Finally Google has included support for the Do Not Track. For those who do not know; it’s a privacy setting which aims to help users opt out from being tracked across web sites. This has been introduced in its latest Chrome developer build, which was released on SEPTEMBER 13, 2012. I am not sure when it will be available as a part of standard release (which means you can start using it).
Firefox 4, Internet Explorer 9, and Safari 5.1 all support Do Not Track. Microsoft is promising from IE 10 it will enable this DNT by default.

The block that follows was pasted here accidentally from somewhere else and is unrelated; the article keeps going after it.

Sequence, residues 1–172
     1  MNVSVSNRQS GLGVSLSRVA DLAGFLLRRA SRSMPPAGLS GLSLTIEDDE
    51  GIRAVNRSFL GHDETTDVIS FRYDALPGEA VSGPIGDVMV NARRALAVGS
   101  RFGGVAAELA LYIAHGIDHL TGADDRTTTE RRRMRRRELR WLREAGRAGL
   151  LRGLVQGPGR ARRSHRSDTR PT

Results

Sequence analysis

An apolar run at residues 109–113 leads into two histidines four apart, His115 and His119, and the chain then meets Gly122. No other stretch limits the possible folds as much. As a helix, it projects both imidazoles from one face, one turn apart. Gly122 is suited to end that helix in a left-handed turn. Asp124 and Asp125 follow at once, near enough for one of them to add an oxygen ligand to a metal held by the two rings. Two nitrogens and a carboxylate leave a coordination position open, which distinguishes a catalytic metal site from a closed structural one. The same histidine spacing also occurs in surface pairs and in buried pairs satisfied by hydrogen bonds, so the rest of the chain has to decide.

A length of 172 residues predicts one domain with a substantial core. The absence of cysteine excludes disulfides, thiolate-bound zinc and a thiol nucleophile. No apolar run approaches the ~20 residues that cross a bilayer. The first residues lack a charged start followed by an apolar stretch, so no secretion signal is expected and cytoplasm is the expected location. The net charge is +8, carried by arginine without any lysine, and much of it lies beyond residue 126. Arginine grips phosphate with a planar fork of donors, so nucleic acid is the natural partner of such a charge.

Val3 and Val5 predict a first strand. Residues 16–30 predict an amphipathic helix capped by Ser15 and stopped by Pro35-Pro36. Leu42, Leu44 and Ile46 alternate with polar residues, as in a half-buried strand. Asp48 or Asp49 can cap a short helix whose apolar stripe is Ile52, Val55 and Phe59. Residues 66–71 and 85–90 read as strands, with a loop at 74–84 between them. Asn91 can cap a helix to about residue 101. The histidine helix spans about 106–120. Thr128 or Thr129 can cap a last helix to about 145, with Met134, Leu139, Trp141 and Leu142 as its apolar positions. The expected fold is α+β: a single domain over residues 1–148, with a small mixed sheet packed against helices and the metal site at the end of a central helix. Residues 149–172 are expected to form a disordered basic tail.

Do Not Track — which aims to help users opt out of being tracked across Web sites for the purposes of targeted advertising — is contentious and still somewhat theoretical. But since Chrome is close to becoming the world’s most-used browser, if it’s not already, its support for DNT is pretty important.
Having said all that it’s not clear what sites and advertisers have to do in response to DNT being turned on.
The advertisers need to figure out how they plan to play DNT. After all advertisers are “just trying to learn about you so they can target ads”. However the same information can be used for anything, and may be they are being used.
The users probably won’t have a choice or a say for now
“If you are not paying for something, you are not the customer, you are the product being sold. “
-Andrew LewisSource: allthingsd.com Gizmodo